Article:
Candelariella reflexa
(Nyl.) Lettau
Cre 0.025 0.003
Candelariella vitellina
(Hoffm.) Müll. Arg.
Cvi 0.046 0.006
Chaenotheca ferruginea
(Turner ex Sm.) Mig.
Chf 0.075 0.009
Chrysothrix candelaris
(L.) J. R. Laundon
Cca 0.117 0.242 0.042 0.133 0.029 0.063 0.067 0.086
Cladonia fimbriata
(L.) Fr.
Cfi 0.050 0.317 0.171 0.046 0.073
Dendrographa decolorans
(Turner et Borrer ex Sm.) Ertz
et Tehler
Dde 0.117 0.025 0.046 0.023
Enterographa crassa
(DC.) Fée
Ecr 0.196 0.024
Evernia prunastri
(L.) Ach.
Epr 0.025 0.238 0.104 0.108 0.058 0.042 0.072
Fuscidea cyathoides subsp. corticola
(Fr.) Cl. Roux comb. nov.
Fcy 0.033 0.004
Graphis elegans
(Borrer ex Sm.) Ach.
Gel 0.175 0.022
Graphis scripta
(L.) Ach.
Gsc 0.042 0.242 0.042 0.041
Haematomma ochroleucum
(Neck.) J. R. Laundon
Hoc 0.042 0.005
Hypocenomyce scalaris
(Ach.) M. Choisy
Hsc 0.013 0.002
Hypogymnia physodes
(L.) Nyl.
Hph 0.067 0.358 0.313 0.017 0.075 0.104
Hypotrachyna laevigata
(Sm.) Hale
Hla 0.008 0.001
Lecanactis subabietina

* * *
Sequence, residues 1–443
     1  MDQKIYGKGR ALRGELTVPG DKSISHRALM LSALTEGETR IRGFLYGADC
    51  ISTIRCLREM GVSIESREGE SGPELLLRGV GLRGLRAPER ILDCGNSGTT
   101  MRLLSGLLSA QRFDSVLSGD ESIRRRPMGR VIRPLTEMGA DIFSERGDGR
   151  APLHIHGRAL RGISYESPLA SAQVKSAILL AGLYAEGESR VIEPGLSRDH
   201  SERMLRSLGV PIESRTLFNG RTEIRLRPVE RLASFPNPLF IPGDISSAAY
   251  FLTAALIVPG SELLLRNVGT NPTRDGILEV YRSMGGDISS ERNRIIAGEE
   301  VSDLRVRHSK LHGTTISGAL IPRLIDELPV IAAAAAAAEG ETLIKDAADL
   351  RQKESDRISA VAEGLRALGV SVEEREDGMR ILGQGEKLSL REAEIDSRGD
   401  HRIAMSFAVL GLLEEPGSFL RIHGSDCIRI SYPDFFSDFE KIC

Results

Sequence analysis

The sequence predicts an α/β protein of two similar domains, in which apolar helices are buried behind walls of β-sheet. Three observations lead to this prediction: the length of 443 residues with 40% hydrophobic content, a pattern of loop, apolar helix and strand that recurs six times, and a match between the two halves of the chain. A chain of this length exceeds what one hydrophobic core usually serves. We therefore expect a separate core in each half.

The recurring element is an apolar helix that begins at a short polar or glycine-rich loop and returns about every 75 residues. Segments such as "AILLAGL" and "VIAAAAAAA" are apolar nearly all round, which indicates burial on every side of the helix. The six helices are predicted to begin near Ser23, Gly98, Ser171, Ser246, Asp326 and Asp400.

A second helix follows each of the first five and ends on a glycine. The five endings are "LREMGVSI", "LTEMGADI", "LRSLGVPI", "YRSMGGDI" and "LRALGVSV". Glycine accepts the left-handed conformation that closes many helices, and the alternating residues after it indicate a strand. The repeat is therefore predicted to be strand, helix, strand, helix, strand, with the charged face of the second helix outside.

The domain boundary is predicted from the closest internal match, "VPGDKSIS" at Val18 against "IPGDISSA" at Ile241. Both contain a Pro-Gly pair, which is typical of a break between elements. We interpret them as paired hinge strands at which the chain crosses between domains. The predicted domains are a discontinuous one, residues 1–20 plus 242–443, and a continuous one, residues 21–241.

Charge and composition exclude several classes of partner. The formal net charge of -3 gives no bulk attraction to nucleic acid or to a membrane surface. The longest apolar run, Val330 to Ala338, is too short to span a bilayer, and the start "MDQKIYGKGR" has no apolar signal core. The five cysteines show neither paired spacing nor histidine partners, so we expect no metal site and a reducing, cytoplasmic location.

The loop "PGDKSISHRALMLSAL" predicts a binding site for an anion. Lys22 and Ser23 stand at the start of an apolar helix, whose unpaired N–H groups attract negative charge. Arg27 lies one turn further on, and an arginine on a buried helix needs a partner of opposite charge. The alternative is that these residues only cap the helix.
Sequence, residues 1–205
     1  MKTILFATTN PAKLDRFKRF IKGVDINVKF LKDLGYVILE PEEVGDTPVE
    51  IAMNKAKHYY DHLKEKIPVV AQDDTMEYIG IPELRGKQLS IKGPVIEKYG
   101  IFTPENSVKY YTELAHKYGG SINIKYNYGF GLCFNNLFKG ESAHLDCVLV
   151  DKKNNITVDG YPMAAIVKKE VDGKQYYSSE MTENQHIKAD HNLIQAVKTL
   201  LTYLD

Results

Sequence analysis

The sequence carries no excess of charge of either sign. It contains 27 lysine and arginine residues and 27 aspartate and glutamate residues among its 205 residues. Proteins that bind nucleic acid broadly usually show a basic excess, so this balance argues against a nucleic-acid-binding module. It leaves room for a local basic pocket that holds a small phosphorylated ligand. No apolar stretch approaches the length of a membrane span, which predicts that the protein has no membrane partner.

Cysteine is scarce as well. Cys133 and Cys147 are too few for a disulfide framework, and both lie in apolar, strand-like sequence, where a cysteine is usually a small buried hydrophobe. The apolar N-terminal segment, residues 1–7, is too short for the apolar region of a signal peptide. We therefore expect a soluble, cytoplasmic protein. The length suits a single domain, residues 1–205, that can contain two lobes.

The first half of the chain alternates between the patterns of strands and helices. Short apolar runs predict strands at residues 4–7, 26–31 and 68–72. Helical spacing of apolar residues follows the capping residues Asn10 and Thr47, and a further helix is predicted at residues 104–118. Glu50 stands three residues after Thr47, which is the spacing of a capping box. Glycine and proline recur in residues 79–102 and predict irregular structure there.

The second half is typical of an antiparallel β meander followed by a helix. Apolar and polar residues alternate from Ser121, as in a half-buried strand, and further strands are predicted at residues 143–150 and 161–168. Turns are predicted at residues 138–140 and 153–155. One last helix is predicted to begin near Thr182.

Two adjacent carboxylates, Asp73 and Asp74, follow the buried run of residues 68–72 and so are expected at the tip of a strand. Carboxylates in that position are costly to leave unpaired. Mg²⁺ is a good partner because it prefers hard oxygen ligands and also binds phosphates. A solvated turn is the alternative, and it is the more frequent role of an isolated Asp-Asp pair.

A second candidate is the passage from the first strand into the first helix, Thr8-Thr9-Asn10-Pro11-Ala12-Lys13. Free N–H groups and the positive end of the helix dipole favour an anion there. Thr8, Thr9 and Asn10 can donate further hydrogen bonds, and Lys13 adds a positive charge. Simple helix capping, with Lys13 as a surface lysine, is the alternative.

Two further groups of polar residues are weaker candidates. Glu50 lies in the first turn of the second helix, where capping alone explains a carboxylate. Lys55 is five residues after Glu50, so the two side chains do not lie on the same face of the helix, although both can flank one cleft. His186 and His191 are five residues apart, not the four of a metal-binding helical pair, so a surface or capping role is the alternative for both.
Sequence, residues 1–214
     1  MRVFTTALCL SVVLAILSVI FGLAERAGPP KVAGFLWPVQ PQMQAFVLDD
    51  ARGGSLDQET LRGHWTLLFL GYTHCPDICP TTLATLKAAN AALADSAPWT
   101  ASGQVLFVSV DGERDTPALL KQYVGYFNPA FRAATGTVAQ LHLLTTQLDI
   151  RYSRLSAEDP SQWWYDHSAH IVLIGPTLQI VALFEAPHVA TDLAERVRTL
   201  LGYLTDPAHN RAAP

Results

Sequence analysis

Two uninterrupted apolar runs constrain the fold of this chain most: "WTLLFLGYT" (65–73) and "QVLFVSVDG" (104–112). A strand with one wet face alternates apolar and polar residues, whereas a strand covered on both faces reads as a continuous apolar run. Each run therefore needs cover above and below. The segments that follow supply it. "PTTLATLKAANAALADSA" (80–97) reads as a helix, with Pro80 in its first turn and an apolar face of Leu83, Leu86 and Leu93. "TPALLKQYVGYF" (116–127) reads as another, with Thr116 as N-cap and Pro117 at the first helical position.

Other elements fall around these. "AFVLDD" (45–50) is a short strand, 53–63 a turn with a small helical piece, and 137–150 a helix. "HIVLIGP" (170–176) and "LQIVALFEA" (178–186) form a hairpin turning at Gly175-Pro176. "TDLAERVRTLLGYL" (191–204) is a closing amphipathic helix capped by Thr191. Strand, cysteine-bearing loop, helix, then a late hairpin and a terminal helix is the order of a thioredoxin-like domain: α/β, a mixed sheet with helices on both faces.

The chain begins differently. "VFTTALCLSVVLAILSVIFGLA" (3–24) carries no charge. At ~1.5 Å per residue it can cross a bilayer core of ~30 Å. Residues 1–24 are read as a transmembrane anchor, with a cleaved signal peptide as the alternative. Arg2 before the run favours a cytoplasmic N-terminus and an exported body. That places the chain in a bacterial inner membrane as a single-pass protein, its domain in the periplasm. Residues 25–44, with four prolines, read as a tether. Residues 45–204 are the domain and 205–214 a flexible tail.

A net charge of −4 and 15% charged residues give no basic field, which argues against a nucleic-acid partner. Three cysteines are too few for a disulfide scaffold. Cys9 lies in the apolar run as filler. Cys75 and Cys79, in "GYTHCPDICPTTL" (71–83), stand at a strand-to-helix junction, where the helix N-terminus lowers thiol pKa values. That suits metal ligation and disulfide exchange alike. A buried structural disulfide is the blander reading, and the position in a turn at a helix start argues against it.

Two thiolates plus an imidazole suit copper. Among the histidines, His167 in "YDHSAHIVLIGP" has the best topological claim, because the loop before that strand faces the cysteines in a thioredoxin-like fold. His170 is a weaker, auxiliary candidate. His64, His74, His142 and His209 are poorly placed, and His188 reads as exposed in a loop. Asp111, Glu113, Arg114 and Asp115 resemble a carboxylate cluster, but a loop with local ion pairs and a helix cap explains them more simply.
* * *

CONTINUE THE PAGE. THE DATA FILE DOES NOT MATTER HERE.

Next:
Coppins et P. James
Lsu 0.008 0.038 0.050 0.012
Lecanora albella
(Pers.) Ach.
Lab 0.067 0.008
Lecanora allophana
Lal 0.054 0.033 0.011
Lecanora argentata
(Ach.) Malme
Lar 0.113 0.254 0.017 0.033 0.052
Lecanora barkmaniana
Aptroot et Herk
Lba 0.063 0.038 0.013
Lecanora carpinea
(L.) Vain.
Lca 0.088 0.004 0.008 0.013
Lecanora chlarotera
Lch 0.150 0.008 0.246 0.788 0.054 0.071 0.004 0.165
Lecanora compallens
van Herk et Aptroot
Lcm 0.133 0.017
Lecanora conizaeoides
Nyl. ex Cromb.
Lcn 0.025 0.004 0.021 0.006
Table 3 (Continued)
species code SP 11 EPC 63 EPC 74 BEX HET 54a EPC 08 PM 72 CHS 35 avg.
Lecanora dispersa
(Pers.) Sommerf.
Ldi 0.025 0.003
Lecanora expallens
Lex 0.008 0.033 0.005
Lecanora hagenii
(Ach.) Ach.
Lha 0.042 0.005
Lecanora horiza
(Ach.) Linds.
Lho 0.021 0.003
Lecanora intumescens
(Rebent.) Rabenh.
Lit 0.075 0.009
Lecanora leptyrodes
(Nyl.) Degel.
Lle 0.008 0.001
Lecanora subcarpinea
Lsc 0.025 0.003
Lecanora subrugosa